So, to take one example: after my talk at Cornell, an audience member came up to me to say that it was a wonderful talk, but that what he really wanted to know was whether I thought quantum computers could solve problems in the “NP space” in linear time, by trying all the possible solutions at once.  He didn’t seem to realize that I’d spent the entire previous half hour answering that exact question, explaining why the answer was “no.”  Coincidentally, this week I also got an email from a longtime reader of this blog, saying that he read and loved Quantum Computing Since Democritus, and wanted my feedback on a popular article he’d written about quantum computing.  What was the gist of the article?  You guessed it: “quantum computing = generic exponential speedups for optimization, machine learning, and Big Data problems, by trying all the possible answers at once.”

These people’s enthusiasm for quantum computing tends to be so genuine, so sincere, that I find myself unable to blame them—even when they’ve done the equivalent of going up to Richard Dawkins and thanking him for having taught them that evolution works for the good of the entire species, just as its wise Designer intended.  I do blame the media and other careless or unscrupulous parties for misleading people about quantum computing, but most of all I blame myself, for not making my explanations clear enough.  In the end, then, meeting the “NP space” folks only makes me want to redouble my efforts to Speak Truth to Parallelism: eventually, I feel, the nerd world will get this point.

Update (Oct. 4): I had regarded this (perhaps wrongly) as too obvious to state, but particularly for non-native English speakers, I’d better clarify: “speaking truth to parallelism” is a deliberate pun on the left-wing protester phrase “speaking truth to power.”  So whatever linguistic oddness there is in my phrase, I’d say it simply inherits from the original.

Another Update (Oct. 7): See this comment for my short summary of what’s known about the actual technical question (can quantum computers solve NP-complete problems in polynomial time, or not?).

Another Update (Oct. 8): Many commenters wrote to point out that the video of my talk at Cornell is now password-protected, and no longer publicly available.  I wrote to my contacts at Cornell to ask about this, and they said they’re planning to release lightly-edited versions of the videos soon, but will look into the matter in the meantime.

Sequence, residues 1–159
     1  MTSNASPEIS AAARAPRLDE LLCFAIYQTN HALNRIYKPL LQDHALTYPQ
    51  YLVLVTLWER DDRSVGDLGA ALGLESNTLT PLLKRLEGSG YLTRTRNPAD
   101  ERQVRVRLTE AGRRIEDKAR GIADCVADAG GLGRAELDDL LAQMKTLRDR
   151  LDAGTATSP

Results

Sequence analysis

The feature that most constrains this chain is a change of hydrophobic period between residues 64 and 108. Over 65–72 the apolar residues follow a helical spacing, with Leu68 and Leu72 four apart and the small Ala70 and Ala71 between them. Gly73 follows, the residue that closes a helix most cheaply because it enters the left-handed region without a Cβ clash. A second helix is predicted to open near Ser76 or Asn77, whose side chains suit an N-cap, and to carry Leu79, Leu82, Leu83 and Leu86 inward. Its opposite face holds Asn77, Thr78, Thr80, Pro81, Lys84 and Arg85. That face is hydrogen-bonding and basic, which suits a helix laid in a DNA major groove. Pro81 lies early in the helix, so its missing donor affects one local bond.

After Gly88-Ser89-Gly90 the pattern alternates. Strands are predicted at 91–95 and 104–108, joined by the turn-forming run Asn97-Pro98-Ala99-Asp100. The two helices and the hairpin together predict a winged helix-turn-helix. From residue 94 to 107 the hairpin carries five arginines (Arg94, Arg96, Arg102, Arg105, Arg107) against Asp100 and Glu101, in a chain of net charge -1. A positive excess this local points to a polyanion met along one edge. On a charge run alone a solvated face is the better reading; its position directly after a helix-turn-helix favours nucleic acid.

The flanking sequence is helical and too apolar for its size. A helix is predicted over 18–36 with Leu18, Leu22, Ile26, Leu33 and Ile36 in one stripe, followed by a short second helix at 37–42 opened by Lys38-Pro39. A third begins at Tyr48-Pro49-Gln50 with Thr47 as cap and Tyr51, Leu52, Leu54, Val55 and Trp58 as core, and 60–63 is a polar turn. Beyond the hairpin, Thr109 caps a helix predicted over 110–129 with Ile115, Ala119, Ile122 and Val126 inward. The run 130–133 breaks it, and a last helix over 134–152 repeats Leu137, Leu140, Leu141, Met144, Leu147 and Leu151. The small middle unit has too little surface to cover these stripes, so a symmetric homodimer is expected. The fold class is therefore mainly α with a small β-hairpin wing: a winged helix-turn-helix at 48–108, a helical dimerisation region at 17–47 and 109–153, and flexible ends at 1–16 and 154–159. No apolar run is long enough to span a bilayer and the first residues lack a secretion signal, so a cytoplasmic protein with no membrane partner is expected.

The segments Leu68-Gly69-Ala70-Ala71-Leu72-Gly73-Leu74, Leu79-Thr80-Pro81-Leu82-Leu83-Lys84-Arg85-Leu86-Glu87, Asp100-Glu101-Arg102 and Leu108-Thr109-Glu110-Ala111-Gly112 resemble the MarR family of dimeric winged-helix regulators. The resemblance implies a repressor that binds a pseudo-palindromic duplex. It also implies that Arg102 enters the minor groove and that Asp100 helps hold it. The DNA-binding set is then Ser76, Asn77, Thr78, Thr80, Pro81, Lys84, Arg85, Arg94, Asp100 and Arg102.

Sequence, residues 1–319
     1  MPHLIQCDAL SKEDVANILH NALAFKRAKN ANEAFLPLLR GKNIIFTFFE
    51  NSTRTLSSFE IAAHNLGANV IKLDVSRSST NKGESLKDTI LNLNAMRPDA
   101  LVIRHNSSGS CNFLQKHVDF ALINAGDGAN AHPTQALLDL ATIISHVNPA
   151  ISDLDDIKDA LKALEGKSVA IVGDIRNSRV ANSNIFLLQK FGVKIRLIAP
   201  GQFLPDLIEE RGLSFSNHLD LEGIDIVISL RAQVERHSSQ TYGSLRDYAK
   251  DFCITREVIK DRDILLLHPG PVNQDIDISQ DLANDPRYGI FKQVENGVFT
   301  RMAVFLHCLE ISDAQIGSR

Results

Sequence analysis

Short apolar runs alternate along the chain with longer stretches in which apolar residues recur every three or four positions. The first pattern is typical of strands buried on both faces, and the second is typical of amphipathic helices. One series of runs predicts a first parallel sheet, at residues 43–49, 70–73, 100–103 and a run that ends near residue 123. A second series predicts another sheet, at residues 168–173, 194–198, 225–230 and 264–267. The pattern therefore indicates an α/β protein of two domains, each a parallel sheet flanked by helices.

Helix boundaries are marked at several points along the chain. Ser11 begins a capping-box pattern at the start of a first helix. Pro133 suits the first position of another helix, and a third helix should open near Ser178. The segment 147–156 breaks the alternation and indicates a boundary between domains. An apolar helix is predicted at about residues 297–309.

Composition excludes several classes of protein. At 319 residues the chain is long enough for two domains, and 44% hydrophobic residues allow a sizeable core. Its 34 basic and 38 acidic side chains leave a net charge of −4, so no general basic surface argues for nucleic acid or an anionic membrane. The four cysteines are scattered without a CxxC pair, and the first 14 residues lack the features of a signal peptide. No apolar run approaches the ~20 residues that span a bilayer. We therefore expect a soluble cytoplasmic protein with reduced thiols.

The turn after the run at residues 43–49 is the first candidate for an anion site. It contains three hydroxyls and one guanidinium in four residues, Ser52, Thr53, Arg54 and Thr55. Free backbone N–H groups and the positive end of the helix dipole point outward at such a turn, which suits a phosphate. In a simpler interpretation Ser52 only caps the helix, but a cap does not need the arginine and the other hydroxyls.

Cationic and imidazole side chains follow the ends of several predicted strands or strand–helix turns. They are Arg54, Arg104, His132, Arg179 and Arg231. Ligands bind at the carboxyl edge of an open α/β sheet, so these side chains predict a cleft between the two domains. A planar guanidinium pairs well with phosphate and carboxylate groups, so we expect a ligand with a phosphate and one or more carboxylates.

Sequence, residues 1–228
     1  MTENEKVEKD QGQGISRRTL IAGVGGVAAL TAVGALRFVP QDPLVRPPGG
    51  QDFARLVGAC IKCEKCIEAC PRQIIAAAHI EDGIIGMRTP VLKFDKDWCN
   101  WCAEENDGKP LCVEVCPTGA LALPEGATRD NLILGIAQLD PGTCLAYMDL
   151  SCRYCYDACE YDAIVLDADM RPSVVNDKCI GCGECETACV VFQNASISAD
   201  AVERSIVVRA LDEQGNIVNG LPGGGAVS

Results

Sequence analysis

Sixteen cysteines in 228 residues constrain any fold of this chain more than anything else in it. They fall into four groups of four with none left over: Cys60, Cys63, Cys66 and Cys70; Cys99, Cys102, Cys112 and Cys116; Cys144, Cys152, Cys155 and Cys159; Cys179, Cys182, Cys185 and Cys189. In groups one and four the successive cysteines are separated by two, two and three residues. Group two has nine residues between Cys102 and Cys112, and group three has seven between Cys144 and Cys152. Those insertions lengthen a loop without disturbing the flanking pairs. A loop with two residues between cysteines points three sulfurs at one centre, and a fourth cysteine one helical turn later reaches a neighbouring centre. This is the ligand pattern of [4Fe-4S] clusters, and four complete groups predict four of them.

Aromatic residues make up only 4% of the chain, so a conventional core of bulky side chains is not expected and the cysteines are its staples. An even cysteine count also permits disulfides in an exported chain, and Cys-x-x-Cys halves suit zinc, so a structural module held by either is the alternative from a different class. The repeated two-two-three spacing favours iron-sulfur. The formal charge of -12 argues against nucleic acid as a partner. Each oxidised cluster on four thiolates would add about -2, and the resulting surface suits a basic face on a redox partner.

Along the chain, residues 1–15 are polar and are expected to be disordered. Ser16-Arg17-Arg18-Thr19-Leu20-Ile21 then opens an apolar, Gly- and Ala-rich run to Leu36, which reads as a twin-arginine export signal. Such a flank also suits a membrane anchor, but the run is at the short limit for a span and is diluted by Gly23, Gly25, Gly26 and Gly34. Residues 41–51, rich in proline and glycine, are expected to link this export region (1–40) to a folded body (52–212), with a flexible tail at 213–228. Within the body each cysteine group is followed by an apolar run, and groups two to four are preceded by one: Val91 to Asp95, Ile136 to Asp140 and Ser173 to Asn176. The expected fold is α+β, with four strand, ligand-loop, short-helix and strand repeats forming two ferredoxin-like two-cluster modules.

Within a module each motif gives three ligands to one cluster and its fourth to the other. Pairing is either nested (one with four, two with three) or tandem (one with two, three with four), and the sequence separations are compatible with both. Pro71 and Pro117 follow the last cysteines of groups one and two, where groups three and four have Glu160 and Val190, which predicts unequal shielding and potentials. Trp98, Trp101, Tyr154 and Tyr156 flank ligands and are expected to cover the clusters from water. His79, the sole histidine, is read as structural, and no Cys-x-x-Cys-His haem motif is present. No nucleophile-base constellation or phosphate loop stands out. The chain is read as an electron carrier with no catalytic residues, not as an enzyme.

BosonSampling Lecture Notes from Rio

Saturday, December 28th, 2013

Update (January 3): There’s now a long interview with me about quantum computing in the Washington Post (or at least, on their website).  The interview accompanies their lead article about quantum computing and the NSA, which also quotes me (among many others), and which reports—unsurprisingly—that the NSA is indeed interested in building scalable quantum computers but, based on the Snowden documents, appears to be quite far from that goal.

(Warning: The interview contains a large number of typos and other errors, which might have arisen from my infelicities in speaking or the poor quality of the phone connection.  Some were corrected but others remain.)

The week before last, I was in Rio de Janeiro to give a mini-course on “Complexity Theory and Quantum Optics” at the Instituto de Física of the Universidade Federal Fluminense.  Next week I’ll be giving a similar course at the Jerusalem Winter School on Quantum Information.

In the meantime, my host in Rio, Ernesto Galvão, and others were kind enough to make detailed, excellent notes for my five lectures in Rio.  You can click the link in the last sentence to get them, or here are links for the five lectures individually:

If you have questions or comments about the lectures, leave them here (since I might not check the quantumrio blog).

One other thing: I can heartily recommend a trip to Rio to anyone interested in quantum information—or, for that matter, to anyone interested in sunshine, giant Jesus statues, or (especially) fruit juices you’ve never tasted before.  My favorite from among the latter was acerola.  Also worth a try are caja, mangaba, guarana, umbu, seriguela, amora, and fruta do conde juices—as well as caju and cacao, even though they taste almost nothing like the more commercially exportable products from the same plants (cashews and chocolate respectively).  I didn’t like cupuaçu or graviola juices.  Thanks so much to Ernesto and everyone else for inviting me (not just because of the juice).

Update (January 2): You can now watch videos of my mini-course at the Jerusalem Winter School here.